- - Sunday, January 12, 2020

America is never as solipsistic as it is in election years. This one will be no exception because Congress, the media and public debate will be almost totally dominated by election news and the Democrats’ impeachment melodrama.

We need to shake off that self-hypnosis to consider what can and should be done this year to improve our national security and America’s standing in the world. Here’s a national security wish list for 2020.

President Trump has already made a significant step toward accomplishing the first thing on the list, which is to bring the conflict with Iran to a successful conclusion. Success must be defined in terms of ending Iran’s continued aggression. But how? Iran is a revolutionary power that is not susceptible to long-term deterrence.

Mr. Trump drew a red line — the killing of any American — and enforced it. For the ayatollahs, the U.S. drone strike that killed their chief terrorist, Gen. Qassem Soleimani, was frightening and proof of their vulnerability. Never before had any member of the ayatollahs’ inner circle been killed by the United States.

Iran has stood down after its missile strikes on Iraq that caused no U.S. or Iraqi casualties. Substantial covert support for Iran’s revolutionaries should follow along with continuation of the president’s “maximum pressure” campaign against Iran’s regime.



Equally important is for the president to order U.S. Cyber Command, the CIA and the NSA to conduct both defensive and offensive cyber operations to protect the November election. Cyber Command has, only recently, developed a general strategy and plans for offensive cyber operations. Now is the time to begin implementing them, sometimes pre-emptively. The rules of engagement should be that there are no rules.

Russia, China, North Korea, Iran and others will attempt to exploit the vulnerabilities in states’ voting systems as well as those of polling companies and the media. Since 2016, some or all of them have been testing the vulnerabilities of states’ voting systems (and other targets) to refine their capabilities. Some of those tests will have been detected by our cyber warriors. Whichever nations or groups attempt to interfere with the November vote should have their cyber systems rendered useless. 

Perhaps the most unlikely event on the list is a change in the way that Mr. Trump thinks and speaks about our adversaries. Since he became president, Mr. Trump has taken too casual an attitude toward many autocrats, including Russian President Putin, Chinese President Xi Jinping and Turkish President Erdogan.

Last year, Mr. Trump said that the Soviet Union was right to invade Afghanistan and pressured other G7 members to re-admit Russia despite its annexation of Crimea. He congratulated Mr. Xi on the 70th anniversary of his odious regime. When asked if he sided with the Iranians protesting against the Tehran kakistocracy, he said no.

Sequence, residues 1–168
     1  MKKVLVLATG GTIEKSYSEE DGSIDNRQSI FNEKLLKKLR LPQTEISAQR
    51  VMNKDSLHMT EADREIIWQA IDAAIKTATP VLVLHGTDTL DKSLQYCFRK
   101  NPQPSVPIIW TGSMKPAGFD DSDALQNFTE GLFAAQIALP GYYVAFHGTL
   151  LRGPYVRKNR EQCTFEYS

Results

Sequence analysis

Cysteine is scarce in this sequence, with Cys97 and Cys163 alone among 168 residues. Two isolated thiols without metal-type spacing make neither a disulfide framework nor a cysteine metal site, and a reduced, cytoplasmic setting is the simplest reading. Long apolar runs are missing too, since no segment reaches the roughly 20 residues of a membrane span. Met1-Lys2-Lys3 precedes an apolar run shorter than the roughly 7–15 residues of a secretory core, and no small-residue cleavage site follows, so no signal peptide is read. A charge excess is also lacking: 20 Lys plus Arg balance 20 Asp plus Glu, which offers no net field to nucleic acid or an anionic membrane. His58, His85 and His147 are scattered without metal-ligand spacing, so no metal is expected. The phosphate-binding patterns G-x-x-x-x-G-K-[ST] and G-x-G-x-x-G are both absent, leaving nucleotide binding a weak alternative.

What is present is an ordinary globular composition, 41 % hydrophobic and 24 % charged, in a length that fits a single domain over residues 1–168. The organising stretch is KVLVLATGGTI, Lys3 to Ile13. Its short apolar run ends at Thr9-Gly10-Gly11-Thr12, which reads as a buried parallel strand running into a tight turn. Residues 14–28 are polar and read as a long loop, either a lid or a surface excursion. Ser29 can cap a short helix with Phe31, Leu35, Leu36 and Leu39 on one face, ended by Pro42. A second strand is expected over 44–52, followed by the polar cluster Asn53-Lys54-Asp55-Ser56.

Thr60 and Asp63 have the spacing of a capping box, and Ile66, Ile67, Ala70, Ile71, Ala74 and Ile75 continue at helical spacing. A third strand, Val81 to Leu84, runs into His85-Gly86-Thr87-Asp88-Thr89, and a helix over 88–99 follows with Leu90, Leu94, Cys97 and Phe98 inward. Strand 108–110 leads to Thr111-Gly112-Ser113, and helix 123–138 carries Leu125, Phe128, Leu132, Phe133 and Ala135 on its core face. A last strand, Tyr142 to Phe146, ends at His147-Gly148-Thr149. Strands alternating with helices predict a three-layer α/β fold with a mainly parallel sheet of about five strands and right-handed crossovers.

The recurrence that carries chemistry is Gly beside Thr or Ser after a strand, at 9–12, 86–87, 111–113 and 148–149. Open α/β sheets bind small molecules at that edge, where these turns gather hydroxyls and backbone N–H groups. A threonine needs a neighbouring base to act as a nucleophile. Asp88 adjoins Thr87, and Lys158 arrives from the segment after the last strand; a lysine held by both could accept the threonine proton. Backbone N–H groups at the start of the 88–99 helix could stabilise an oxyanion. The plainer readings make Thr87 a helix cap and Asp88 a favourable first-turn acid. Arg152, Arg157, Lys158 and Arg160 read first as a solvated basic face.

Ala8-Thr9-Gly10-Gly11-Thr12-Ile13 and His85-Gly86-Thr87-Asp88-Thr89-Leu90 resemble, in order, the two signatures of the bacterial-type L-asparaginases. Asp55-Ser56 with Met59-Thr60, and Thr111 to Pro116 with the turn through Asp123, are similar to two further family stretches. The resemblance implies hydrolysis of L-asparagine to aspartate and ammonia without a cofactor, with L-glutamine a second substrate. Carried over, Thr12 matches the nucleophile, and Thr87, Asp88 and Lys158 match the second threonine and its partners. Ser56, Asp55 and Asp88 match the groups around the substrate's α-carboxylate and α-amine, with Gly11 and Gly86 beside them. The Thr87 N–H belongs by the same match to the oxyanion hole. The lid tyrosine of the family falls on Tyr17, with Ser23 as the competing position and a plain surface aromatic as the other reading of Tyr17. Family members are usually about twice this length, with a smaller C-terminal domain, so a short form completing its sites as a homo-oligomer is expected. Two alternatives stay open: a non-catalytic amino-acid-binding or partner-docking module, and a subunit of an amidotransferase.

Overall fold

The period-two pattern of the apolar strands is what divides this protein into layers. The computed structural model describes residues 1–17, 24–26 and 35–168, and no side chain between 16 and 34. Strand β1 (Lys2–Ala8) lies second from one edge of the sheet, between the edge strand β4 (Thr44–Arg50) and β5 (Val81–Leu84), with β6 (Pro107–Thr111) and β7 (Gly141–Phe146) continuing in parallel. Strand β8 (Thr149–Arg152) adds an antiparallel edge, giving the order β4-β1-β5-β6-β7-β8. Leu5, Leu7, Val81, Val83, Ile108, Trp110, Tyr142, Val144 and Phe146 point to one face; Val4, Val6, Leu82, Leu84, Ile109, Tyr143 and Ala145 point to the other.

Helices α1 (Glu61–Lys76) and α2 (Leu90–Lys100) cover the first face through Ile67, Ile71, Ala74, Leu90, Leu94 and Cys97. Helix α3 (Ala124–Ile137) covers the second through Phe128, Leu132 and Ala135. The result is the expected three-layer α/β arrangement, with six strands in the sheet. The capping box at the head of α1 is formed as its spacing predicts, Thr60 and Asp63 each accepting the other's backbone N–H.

Mr. Trump has taken actions against some of these regimes, but his inconstancy betrays the lack of guiding principles. The president should always be outspoken in defense of freedom. It is possible to have cordial relations with autocrats such as Mr. Putin and still heap scorn on them when they deserve it. 

Next on the list is for Mr. Trump to sanction Turkey for its purchase of Russian weapons, as the law requires. Mr. Erdogan has threatened to force the closure of Incirlik, the U.S. air base near Ankara, and a nearby key U.S. radar site. During a bilateral meeting in New York, Mr. Trump said Mr. Erdogan was a “good friend.”

Turkey is an adversary, not an ally. Its treaty with Russia and Iran to protect Syria’s Assad regime and its new intervention on Russia’s side in Libya are redundant justification for tougher American action. Mr. Trump needs to sanction Turkey and begin withdrawing all U.S. assets from Incirlik and the radar site.

Mr. Trump has rejected nation-building but has continued it for the lack of a better idea. Our 2020 list must contain a presidential speech both firmly rejecting nation-building and announcing a new strategy to replace it which includes the destruction of the Islamist ideology. 

The U.S. Space Force has been created as part of the Air Force. But the Army and Navy have independent space forces, budgets and strategies. They need to be either consolidated under the Space Force or at least subjected to coordination of strategies and budgets.

Though the National Defense Strategy requires 355 ships, the Navy has –- wisely –- cut its plan to buy more DDG-51s, which are 1980s technology. The Navy needs a plan to rapidly reach the 355-ship level with ships of greater capability. It needs to pressure the Huntington-Ingalls shipyard to get the USS Gerald Ford to function as promised without further delay.

The Air Force similarly needs to require that Boeing does what it takes to ensure that the KC-46 tanker performs as promised. There’s no excuse for the KC-46’s failures. Without the ability to put up the “tanker bridge” that enables fast deployment in a crisis, we are not a superpower.

The list would not be complete without Mr. Trump’s re-election. Whatever his faults, any of his possible Democratic opponents would be immeasurably worse for our nation’s security.  

It may be that some, all or none of the things on this list will be accomplished in 2020. America will be a stronger, safer nation if they are. 

• Jed Babbin, a deputy undersecretary of Defense in the George H.W. Bush administration, is the author of “In the Words of Our Enemies.” 

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